From its time of inception till today the Islamic Republic of Pakistan has been defined, described and depicted by using various terms; an ideological state because of the political reinterpretation of Islam by its founding fathers including Muhammad Ali Jinnah, a garrison state because of the key role played by military in different political and economic affairs of the country, a terror state because of the rise of radical Islamic movements in the midway.
However, its trajectory with respect to its ability to navigate at the interface of domestic and external dynamics can not be elaborated well without considering two additional terms; client state and pivotal state.
A client state is dependent on another state for its political, economic and military wellbeing while a pivot state is able to play a critical role in world affairs by virtue of possessing military, economic or ideational strategic assets that are coveted by great powers. Pakistan has a long history of maintaining such a relationship with United States in exchange for civil and military aid.
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Hostile neighborhood: India and Afghanistan
India’s hostile craving for Akhund Bahart reinforced with Afghanistan’s support for irredentist idea of Pakhtoonistan gave rise to the feeling of vulnerability and insecurity for Pakistan thereby posing an existential threat to its existence. Afghanistan refused to recognise Durand Line as an international border and it was the only country in the United Nations that opposed the entry of Pakistan.
As late as 1963, an editorial of Dawn newspaper, emphasized that “If the main concern of the Christian West is the containment of Chinese Communism, the main concern of Muslim Pakistan is the containment of militarist and militant Hinduism.” In Afghanistan’s case, like the Pakhtun nationalist Bacha Khan had supported the congress against the British before partition, the Kabul government was close to India after the partition. The hostile relations with the two neighboring states influenced the nature of Pakistan’s policies and therefore it’s direction.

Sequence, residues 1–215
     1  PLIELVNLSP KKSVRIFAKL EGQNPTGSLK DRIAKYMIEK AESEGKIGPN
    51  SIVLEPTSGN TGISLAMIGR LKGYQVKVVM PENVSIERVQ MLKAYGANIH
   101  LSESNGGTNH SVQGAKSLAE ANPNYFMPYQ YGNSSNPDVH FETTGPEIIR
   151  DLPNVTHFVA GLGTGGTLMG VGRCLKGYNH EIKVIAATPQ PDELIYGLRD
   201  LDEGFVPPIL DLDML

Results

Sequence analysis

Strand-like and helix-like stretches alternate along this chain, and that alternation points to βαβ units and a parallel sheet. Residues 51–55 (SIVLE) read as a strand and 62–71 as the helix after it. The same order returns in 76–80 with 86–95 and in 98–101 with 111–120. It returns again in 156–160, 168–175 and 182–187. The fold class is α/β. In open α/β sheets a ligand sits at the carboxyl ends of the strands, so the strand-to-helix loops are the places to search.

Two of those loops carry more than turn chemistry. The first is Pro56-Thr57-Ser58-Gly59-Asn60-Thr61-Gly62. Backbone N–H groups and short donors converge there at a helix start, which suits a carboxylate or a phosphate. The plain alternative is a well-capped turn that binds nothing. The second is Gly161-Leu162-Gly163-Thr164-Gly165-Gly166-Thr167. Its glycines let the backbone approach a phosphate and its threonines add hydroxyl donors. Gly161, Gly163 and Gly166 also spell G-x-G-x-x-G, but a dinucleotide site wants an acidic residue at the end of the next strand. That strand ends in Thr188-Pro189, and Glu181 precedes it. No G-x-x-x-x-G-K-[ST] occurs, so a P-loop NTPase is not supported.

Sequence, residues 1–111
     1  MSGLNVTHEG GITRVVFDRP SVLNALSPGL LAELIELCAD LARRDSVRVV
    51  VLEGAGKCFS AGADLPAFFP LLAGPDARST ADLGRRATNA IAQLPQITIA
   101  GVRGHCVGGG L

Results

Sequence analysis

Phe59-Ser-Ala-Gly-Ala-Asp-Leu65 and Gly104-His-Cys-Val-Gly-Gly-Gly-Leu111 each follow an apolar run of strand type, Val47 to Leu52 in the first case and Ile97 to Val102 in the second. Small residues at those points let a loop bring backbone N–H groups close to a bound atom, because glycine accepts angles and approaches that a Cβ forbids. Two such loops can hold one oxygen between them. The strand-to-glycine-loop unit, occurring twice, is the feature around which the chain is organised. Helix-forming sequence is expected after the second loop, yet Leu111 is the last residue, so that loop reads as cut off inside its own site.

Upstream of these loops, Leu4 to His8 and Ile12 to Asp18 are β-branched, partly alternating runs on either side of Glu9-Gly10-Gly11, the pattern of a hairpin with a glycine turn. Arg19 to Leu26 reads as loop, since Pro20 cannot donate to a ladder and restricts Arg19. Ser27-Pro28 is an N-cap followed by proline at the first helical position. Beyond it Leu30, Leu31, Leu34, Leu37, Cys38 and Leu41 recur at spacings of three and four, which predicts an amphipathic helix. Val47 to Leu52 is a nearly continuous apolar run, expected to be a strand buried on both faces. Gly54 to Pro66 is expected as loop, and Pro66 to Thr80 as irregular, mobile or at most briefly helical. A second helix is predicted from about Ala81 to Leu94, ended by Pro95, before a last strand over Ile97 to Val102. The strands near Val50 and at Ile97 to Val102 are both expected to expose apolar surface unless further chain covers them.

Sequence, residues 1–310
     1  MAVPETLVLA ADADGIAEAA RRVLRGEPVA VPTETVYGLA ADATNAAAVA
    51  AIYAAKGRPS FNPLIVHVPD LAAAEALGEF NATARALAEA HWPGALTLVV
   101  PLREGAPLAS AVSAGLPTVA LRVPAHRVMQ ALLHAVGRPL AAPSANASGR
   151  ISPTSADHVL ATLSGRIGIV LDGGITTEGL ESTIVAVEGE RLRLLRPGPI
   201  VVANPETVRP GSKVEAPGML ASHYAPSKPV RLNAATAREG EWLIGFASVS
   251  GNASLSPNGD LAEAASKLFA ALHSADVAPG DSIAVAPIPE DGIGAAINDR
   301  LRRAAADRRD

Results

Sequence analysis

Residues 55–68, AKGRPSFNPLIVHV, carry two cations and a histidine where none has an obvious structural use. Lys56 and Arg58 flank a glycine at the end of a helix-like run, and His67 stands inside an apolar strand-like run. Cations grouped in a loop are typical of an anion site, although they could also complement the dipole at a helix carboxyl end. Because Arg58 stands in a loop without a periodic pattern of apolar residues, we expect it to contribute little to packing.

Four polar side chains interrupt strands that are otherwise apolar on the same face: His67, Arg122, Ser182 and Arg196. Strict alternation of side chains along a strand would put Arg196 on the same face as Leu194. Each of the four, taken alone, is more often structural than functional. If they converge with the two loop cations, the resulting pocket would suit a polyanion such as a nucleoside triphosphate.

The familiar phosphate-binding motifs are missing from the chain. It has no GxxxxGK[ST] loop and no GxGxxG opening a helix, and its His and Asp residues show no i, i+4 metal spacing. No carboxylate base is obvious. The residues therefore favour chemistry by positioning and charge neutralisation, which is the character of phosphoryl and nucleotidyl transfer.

US Support: Client-Patron relationship
The newly formed nation subjected to encirclement and lacking the capacities of a functioning state turned to United States for help. USA recognised Pakistan as one of its regional allies for countering and containing communism in Asia. Pakistan joined the Southeast Asia Treaty Organisation (SEATO) in 1954 and the Central Treaty Organisation (CENTO) 1955 in exchange for getting an access to sophisticated Arms and substantial financial aid. The amicable relationship came to climax during the Soviet-Afghan war when US provided billions of dollars to Pakistan to support the Mujahideen.
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The post 9/11 war on terror resulted in even more arms and money. According to an estimate, Pakistan received $30 billion between the year 2002 to 2015, as a partner of US in its war against Al Qaeda. Half of this amount was security related and was the one-fifth of the regular military budget of Pakistan.
A client-patron relationship is often unstable as it is built on mutual interests rather than cultural or religious affinities. It therefore is subject to constant renegotiations. More than six decade long relations between Pakistan and US can be best characterized as security-related form of clientelism; a relationship of dependence based on reciprocal exchange of favours between the client and the patron.
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The asymmetric nature of dependence gives patron a clear advantage. It gets things done by the client. The client pays allegiance to the patron in exchange for benefits. In the contemporary time, the lack of US interest in Afghanistan and continuously augmenting focus on economic and strategic rivalry with China and it’s rapprochement with India has transformed the regional equation. Pakistan seems to have been trying to change its approach toward USA i.e. revising the terms of mutual relationship. The sooner it is done the better it is for Pakistan.